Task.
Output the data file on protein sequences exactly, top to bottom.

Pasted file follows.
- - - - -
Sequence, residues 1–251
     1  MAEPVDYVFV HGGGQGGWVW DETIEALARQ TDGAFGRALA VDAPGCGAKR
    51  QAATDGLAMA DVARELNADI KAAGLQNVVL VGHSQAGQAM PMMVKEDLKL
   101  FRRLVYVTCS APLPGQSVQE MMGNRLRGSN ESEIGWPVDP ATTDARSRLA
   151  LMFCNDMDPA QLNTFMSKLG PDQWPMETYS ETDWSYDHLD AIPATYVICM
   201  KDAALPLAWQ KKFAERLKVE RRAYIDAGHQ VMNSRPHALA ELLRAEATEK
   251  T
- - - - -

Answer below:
Sequence, residues 1–251
     1  MAEPVDYVFV HGGGQGGWVW DETIEALARQ TDGAFGRALA VDAPGCGAKR
    51  QAATDGLAMA DVARELNADI KAAGLQNVVL VGHSQAGQAM PMMVKEDLKL
   101  FRRLVYVTCS APLPGQSVQE MMGNRLRGSN ESEIGWPVDP ATTDARSRLA
   151  LMFCNDMDPA QLNTFMSKLG PDQWPMETYS ETDWSYDHLD AIPATYVICM
   201  KDAALPLAWQ KKFAERLKVE RRAYIDAGHQ VMNSRPHALA ELLRAEATEK
   251  T